As I mentioned a couple weeks ago, if the Corona-virus permits, I’m actually signed up to be a panelist at three cons this spring and summer. Hopefully, I’ll be as good behind the table and I try to be in the audience.


Have you attended con panels? Are there any tips or tricks I missed?

Link: Winterview with Me

To celebrate 13 weeks of winter, Hàlön Chronicles will be conducting one interview a week for 13 weeks. Join us on the hashtag #13Winterviews, or check out our right-side blog hop to sneak a peek at all the wonderful authors and artists I’ll be interviewing in the coming weeks. Hosted by: K. J. Harrowick Without…

via Winterview with Author Morgan Hazelwood — Daily Cup o’ Coffee

Winterviews

Winter is coming…and so is K. J. Harrowick‘s Winterviews Blog Hop! The first Interview is up, and we have twelve more great interviews with artists and writers coming up, including me! Check out th…

Source: Winterviews

Q/A: The Biggest Surprise About Writing A Novel [Also! Novel-versary Week!]

One Year Ago, Monday, I finished my rough draft.

(Or at least put down my pencil and stopped)

When you sit down to write a novel, the novel seems like the biggest thing ever. You have an idea, maybe even a plan on how it’s going to happen. But there’s over 100,000 words between you and it.

Everyone writes differently. I found word count was a good way to keep my progress going. Even if I didn’t feel like it, I would push through and get my words for the day done, knowing I could edit it later. Starting with 1,333 words per day for my kick-off month of NaNoWriMo (national novel writing month).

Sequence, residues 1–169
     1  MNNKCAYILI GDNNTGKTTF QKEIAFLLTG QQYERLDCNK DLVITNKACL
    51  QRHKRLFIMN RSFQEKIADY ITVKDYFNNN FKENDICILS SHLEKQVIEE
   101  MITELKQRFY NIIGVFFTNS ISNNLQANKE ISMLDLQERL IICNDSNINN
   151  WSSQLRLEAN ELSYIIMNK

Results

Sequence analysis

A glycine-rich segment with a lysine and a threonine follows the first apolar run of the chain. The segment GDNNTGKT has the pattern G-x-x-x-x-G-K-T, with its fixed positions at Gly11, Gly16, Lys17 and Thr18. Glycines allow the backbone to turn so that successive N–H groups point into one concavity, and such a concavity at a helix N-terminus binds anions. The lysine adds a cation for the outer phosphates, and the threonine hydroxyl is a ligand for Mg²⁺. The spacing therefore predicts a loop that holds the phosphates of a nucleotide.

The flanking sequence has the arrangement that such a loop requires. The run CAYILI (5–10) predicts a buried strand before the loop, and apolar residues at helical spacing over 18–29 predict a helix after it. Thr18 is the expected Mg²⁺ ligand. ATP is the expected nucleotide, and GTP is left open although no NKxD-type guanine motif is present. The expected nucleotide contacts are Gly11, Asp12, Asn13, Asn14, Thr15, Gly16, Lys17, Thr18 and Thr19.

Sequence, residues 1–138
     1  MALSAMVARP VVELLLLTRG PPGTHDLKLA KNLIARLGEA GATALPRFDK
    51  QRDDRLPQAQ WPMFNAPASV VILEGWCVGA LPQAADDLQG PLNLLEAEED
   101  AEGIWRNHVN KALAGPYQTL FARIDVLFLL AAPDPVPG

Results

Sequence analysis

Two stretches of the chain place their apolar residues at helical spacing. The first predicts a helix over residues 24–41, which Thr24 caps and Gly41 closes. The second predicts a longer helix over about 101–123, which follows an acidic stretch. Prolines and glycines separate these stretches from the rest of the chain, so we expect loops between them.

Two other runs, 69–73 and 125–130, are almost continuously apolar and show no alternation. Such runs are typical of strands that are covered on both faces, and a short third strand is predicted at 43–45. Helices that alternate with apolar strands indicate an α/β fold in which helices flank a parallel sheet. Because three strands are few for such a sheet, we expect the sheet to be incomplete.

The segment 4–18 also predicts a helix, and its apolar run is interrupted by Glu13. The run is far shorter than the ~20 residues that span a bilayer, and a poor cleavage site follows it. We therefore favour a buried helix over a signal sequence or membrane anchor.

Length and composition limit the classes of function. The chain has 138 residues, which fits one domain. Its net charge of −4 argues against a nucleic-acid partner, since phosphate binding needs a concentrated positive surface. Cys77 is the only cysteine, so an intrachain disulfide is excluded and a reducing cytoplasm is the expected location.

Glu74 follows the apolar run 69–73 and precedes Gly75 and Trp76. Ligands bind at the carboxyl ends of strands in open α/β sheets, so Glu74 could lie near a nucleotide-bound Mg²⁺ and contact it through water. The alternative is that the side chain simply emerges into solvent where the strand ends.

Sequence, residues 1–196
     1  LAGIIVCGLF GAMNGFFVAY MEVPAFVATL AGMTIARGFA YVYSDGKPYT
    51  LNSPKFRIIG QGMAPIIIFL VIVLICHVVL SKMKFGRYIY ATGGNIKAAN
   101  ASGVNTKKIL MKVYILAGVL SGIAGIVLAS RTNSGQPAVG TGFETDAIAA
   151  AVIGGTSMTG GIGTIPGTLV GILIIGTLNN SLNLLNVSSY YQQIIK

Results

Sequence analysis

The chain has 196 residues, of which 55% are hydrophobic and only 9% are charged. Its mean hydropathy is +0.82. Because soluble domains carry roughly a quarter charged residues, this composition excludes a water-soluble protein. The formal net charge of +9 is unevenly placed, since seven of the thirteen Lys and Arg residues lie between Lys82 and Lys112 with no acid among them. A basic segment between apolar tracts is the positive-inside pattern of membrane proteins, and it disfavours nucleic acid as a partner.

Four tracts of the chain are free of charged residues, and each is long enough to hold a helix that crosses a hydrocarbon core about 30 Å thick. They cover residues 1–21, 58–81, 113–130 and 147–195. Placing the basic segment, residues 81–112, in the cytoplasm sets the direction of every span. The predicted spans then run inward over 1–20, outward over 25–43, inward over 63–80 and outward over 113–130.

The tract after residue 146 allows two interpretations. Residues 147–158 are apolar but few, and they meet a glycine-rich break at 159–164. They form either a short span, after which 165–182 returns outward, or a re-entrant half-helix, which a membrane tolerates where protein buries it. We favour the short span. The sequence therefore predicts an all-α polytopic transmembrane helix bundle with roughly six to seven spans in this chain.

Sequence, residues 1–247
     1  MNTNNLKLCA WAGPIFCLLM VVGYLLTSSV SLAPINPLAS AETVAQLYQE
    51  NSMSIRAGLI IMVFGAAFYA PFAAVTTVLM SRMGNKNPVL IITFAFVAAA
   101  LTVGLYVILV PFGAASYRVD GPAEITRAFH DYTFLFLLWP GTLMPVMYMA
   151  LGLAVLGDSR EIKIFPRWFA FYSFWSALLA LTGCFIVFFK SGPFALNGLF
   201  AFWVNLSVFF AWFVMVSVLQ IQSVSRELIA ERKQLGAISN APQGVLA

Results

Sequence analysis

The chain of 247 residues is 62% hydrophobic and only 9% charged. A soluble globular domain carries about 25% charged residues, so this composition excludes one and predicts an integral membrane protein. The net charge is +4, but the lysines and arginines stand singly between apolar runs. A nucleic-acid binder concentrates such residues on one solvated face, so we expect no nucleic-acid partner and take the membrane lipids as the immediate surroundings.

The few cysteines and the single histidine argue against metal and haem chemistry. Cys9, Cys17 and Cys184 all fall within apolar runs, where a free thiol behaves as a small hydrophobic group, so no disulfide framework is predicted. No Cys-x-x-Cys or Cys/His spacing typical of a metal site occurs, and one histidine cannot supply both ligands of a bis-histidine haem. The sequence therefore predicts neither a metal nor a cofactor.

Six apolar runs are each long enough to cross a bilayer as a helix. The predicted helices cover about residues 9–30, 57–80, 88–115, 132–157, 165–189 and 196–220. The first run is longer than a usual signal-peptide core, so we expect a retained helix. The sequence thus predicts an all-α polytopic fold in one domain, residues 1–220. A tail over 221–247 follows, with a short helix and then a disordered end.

The goal for NaNoWriMo is to write 50,000 words. It’s a great start and there’s a supportive community of people all writing towards the same goal. (A standard YA (Young Adult) novel is 50,000-80,000 words. A standard fantasy novel is 80,000-120,000 words.) After taking December off, I lowered my goal to 10,000 words per month. 2,300 words a week is a much more sedate pace, and let me have a life outside of writing. A little reading, a bit of the gym, the ability to see my friends and family.

And I made it. I finished my novel after 10 months. 9, if you recognize that I took December off.

Yet, here it is, a year later and I’m STILL editing. It sometimes feel like I’ll never be done. Editing is harder to quantify, deciding when you are done is arbitrary. Like recognizing the obscene, you know it when you see it. Or, when you just can’t look at your novel any longer.